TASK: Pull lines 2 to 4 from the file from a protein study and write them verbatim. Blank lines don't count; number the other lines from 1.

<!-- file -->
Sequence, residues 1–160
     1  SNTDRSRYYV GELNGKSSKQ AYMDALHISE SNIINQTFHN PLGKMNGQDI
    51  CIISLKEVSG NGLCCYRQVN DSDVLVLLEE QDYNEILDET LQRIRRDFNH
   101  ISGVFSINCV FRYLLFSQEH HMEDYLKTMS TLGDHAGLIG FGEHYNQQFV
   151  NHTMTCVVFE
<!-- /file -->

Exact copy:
     1  SNTDRSRYYV GELNGKSSKQ AYMDALHISE SNIINQTFHN PLGKMNGQDI
    51  CIISLKEVSG NGLCCYRQVN DSDVLVLLEE QDYNEILDET LQRIRRDFNH
   101  ISGVFSINCV FRYLLFSQEH HMEDYLKTMS TLGDHAGLIG FGEHYNQQFV